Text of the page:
Norah Jones at Peabody Opera House, 10/15/12: Review, Photos and Setlist

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ALL PHOTOS BY KIERNAN MALETSKY
  • All photos by Kiernan Maletsky

Norah Jones | Cory Chisel
Peabody Opera House
October 15, 2012

At game time for the second installment of the NLCS series, the Vegas betting line gave a slight edge to the Cardinals over the Giants. In the fine, you might say invisible, print, odds were even that Norah Jones would hold a crowd - not sold out, but not insulting - against the game, even as baseball matters took a turn for the worse, even as Jones took a turn on the electric guitar for a long rock rally that sounded a season away from the café torch songs that made her name.

Something was happening here, and you know what it is, don't you Ms. Jones?

What was happening was the latest chapter in the career of a talented, mercurial musician and singer and, most decisively, on-her-own songwriter, who has tried to buck the Starbucks and chaffed against the gazillion-selling jazzy pop of Come Away With Me. Every record and move and remix she's made - whether towards Americana on Feels Like Home or off-kilter pop of Not Too Late and Little Broken Hearts - has been to stave off the deadly Diana Krall-syndrome, in which jazz becomes the last thing jazz should ever be: smooth and predictable. And so she channels her jazz skills into rock music, hoping to find some edge. Norah Jones still has a voice like a pashmina evening shawl, but it's always been the creases and frays in her music that keep her fans rapt and returning.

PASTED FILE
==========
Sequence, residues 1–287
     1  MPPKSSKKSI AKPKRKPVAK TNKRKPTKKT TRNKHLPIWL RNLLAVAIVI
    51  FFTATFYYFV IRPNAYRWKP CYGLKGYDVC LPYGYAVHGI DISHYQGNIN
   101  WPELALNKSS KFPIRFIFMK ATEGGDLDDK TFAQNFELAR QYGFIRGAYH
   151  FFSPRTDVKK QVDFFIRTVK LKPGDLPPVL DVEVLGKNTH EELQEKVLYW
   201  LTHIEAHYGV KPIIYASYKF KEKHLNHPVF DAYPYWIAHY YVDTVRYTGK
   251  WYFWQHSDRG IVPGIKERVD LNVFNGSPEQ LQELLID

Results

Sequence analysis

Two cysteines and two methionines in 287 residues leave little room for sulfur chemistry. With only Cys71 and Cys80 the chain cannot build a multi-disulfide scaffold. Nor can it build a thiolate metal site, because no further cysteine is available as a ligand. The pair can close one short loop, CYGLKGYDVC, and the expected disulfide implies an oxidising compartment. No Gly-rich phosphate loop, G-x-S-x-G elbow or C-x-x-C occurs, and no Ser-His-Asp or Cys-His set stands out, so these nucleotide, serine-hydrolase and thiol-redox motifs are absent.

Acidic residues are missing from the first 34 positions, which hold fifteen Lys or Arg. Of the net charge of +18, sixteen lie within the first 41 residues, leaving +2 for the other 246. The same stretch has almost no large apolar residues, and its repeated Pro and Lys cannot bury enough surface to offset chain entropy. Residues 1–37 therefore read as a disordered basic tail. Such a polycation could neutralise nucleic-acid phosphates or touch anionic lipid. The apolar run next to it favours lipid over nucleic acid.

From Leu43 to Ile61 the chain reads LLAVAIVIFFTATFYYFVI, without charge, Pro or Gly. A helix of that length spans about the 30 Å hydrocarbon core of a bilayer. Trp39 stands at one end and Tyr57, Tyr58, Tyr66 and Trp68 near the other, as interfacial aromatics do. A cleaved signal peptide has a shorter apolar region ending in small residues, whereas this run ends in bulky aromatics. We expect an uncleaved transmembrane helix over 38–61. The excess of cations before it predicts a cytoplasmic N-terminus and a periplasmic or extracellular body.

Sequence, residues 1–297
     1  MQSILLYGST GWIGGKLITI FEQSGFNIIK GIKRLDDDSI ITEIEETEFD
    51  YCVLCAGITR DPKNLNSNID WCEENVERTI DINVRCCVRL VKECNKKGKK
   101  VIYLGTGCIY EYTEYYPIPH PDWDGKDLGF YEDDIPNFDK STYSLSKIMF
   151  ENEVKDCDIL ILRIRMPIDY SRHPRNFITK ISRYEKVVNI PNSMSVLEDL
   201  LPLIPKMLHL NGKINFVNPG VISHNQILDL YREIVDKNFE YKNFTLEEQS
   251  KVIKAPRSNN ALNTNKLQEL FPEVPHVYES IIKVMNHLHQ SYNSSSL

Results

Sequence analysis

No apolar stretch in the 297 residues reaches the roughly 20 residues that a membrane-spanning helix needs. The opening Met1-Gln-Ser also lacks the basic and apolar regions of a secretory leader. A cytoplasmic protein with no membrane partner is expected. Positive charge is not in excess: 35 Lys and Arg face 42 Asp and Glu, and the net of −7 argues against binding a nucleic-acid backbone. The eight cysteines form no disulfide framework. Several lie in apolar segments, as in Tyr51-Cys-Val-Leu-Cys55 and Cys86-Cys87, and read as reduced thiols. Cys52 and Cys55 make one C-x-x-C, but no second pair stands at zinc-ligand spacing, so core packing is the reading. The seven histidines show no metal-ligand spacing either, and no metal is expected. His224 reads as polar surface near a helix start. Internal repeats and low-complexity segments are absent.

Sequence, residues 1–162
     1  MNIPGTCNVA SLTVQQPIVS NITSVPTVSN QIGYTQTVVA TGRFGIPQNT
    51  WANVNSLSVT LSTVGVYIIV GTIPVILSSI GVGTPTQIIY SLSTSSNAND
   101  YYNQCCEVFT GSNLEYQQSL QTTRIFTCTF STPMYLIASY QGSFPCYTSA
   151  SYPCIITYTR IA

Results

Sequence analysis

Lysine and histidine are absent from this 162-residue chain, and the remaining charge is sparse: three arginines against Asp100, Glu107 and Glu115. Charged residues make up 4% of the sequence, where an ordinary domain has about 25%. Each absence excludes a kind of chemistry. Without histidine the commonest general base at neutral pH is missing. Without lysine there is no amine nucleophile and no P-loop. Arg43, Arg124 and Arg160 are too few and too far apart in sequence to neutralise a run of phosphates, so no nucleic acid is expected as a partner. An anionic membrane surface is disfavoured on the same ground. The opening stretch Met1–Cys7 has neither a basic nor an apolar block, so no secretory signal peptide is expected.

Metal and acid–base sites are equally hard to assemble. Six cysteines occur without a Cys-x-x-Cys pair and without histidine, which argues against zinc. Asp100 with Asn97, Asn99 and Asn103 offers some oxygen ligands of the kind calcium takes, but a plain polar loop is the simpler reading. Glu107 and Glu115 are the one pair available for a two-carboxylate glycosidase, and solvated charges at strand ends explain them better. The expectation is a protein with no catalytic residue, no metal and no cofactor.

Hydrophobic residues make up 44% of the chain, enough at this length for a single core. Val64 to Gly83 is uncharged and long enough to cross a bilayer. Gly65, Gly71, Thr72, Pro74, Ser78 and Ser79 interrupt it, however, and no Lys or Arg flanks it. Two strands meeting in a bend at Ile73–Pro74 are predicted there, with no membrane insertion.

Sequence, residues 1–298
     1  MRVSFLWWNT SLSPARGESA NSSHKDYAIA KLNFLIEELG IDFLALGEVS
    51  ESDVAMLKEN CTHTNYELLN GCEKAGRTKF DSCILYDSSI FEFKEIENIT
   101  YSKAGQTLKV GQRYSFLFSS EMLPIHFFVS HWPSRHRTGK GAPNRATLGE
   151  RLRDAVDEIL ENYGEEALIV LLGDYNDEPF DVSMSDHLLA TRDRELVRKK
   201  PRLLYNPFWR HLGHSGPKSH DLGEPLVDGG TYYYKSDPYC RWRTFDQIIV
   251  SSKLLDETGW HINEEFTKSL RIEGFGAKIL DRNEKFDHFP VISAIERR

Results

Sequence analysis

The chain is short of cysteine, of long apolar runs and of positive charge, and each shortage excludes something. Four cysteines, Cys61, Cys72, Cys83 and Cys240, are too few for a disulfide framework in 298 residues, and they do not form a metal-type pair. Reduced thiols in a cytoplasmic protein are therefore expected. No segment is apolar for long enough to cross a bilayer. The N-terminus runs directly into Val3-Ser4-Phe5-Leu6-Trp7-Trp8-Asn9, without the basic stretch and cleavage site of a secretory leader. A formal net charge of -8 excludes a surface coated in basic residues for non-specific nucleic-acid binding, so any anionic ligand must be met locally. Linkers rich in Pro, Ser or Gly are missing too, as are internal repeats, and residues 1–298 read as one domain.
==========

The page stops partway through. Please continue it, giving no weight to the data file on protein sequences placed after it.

CORY CHISEL
  • Cory Chisel
A minute before 8 p.m. the lights snapped off, the house went to pitch and Cory Chisel and Adriel Harris walked out for a generous 40-minute set of original songs and one Tom Waits cover (the smartly-chosen Closing Time tune "Rosie") that seduced patrons who had no idea who the hell they were seeing. "Who are you?" someone yelled out mid-set. "Find me at the merch table and I'll tell you," Chisel shot back. With a black fedora and leather blazer, the lanky Chisel cut the figure of a serious but not severe singer-songwriter - a "poor man's Ryan Adams" according to a nearby critic - a guy who has some understanding of the craft but who settles for the first, maybe second cliché at hand. The lightweight material mattered not to the crowd, who welcomed his bold, fetching tenor and even more fetching harmonies - sometimes delivered lip to lip at a single mic - from Harris. Closing clap-a-long "Over Jordan" punctuated a confident, ultimately charming set.

A snap poll of press row suggested that I'm in the minority when it comes to the album that occasioned Jones' latest tour. One day, I'm sure, the Danger Mouse-produced Little Broken Hearts may be ranked the greatest indie-rock record ever made, if only because it features a real singer. But Jones wasn't quite ready to go there with her line check, opening instead with a nod to her debut album and the Ray Charles playbook: a swinging take on Hank Williams' "Cold Cold Heart," with the singer seated at the piano beneath a low-hanging flock of origami cranes. Guitarist Jason Roberts skanked about awkwardly, and the sound approximated country jazz ska, but delivered just slow enough that Jones' contra alto could get down to heart-melting business. She lingered at the piano for "What Am I to You?," which took her down the too-infrequent country-soul path, with her young band - featuring Josh Lattanzi on bass, Pete Remm on organ and Greg Wieczorek on drums - following her neatly and modestly, tight but not slavish, just backing her without alienating anyone from that voice.